- Promote individual contacts and expand the circle of people who are close to China. Special attention should be paid to youth exchange and those who have studied Chinese, as well as researchers dealing with the problems of China, Japan, and Japan-China relations. The idea is put forward to establish an Exchange Fund with the help of the Government in order to sponsor Japanese scientists studying China, provide assistance to educational institutions that study Chinese and individuals who study Chinese, and help expand the number of Japanese youth traveling to study in China. At the same time, Chinese universities and research institutes should organize various types of "Classes for studying Chinese Culture and Society", inviting Japanese people of different positions and ages, including housewives, to study in China. This would make it possible to expand the circle of people in Japan who know China and relate to it with personal sympathy.

- Responding to the growing interest of Japanese people in China, make extensive use of the Internet to create a correct image of the PRC, which can help overcome the still widespread distrust of China among Japanese people.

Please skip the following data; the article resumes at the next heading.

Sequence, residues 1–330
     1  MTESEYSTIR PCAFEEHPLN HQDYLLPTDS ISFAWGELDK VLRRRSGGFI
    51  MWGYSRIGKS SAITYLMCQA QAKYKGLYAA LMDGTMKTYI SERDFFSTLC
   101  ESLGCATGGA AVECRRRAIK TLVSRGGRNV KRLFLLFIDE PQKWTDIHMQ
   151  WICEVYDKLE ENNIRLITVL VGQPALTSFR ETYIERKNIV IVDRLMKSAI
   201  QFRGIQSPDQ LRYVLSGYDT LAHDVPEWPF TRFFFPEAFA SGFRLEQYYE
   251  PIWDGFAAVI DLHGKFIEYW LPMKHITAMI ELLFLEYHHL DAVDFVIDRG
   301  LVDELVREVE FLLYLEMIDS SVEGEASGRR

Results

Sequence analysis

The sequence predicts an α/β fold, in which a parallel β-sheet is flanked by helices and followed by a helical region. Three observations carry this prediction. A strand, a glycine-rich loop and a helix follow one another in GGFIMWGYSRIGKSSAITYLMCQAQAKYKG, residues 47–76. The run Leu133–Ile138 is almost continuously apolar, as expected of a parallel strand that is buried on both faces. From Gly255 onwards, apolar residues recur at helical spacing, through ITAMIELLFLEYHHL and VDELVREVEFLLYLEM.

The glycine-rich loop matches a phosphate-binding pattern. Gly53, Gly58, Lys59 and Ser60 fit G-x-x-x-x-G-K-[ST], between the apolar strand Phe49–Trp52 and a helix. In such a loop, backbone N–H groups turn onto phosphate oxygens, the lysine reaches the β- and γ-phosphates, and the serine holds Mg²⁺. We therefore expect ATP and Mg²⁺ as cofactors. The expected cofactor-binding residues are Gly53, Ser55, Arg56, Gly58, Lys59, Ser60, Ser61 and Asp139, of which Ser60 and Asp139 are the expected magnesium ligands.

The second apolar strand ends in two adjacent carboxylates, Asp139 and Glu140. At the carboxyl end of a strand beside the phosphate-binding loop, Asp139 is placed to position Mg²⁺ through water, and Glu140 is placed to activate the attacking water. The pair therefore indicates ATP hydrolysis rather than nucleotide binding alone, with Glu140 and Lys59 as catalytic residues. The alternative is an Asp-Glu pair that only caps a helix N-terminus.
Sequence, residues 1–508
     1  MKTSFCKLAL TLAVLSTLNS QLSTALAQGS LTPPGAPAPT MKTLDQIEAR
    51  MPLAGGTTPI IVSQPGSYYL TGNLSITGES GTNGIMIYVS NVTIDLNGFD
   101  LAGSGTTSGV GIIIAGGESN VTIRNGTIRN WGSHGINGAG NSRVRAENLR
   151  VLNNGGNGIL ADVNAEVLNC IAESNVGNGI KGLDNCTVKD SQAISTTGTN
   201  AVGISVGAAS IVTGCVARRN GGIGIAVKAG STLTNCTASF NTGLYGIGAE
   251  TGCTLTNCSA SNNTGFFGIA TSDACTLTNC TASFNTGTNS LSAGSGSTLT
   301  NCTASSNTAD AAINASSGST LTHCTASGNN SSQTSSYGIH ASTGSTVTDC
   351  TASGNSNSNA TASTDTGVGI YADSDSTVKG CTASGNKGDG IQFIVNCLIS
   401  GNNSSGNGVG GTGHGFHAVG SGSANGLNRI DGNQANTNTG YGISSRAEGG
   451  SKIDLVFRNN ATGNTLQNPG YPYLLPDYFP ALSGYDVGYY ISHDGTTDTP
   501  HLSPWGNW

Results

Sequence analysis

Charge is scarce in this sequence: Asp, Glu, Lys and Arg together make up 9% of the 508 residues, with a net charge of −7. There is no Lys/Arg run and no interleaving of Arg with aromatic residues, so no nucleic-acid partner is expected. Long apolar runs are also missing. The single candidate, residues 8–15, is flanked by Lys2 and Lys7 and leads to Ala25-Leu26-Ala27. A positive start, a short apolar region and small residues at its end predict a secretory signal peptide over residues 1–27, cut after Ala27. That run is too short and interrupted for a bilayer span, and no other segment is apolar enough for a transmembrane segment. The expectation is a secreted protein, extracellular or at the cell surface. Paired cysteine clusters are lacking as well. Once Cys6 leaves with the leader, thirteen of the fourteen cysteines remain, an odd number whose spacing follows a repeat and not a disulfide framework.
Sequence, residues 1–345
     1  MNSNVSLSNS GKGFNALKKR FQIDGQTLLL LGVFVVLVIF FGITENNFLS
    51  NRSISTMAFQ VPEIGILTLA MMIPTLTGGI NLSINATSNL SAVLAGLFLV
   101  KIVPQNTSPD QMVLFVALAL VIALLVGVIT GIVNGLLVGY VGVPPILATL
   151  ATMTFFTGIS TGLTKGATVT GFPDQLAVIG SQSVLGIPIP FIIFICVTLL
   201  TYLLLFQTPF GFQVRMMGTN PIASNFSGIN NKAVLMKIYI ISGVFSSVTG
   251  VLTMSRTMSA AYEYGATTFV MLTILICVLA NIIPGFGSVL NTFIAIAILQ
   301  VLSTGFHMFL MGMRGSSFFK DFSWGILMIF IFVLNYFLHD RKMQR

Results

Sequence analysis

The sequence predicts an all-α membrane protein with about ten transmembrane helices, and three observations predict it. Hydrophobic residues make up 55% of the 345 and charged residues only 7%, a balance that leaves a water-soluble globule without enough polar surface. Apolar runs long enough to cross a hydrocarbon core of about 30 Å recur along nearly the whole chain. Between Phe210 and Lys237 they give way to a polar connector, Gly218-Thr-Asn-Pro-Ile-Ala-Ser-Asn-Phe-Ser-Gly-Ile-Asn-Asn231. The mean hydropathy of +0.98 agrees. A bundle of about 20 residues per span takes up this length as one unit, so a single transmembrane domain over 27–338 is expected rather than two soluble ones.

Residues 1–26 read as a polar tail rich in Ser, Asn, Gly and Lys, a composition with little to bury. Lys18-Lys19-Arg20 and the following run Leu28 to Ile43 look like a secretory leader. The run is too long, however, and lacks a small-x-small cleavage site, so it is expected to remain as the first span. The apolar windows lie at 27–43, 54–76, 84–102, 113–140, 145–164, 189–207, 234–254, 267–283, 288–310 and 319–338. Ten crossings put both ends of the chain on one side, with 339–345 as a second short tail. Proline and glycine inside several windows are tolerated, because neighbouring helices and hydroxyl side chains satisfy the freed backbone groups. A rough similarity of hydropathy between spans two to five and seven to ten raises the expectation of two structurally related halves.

- To step up cultural propaganda in Japan, to support 4-5 Japanese companies in order to produce cultural products that would attract the attention of Japanese people. At the same time, it is necessary to deepen the knowledge of Japan among the Chinese population and cultivate a friendly attitude towards this country.

- The formation of VAS is a historical trend. China and Japan should vigorously study, organize and cultivate a common culture, promote its specific development, standardization and transformation into the basis of the East Asian Cultural Community. The authors remind that the centuries-old cultural exchange between the two countries has largely formed a common culture, which is based on Chinese writing, Confucianism, a Chinese variety of Buddhism, etc.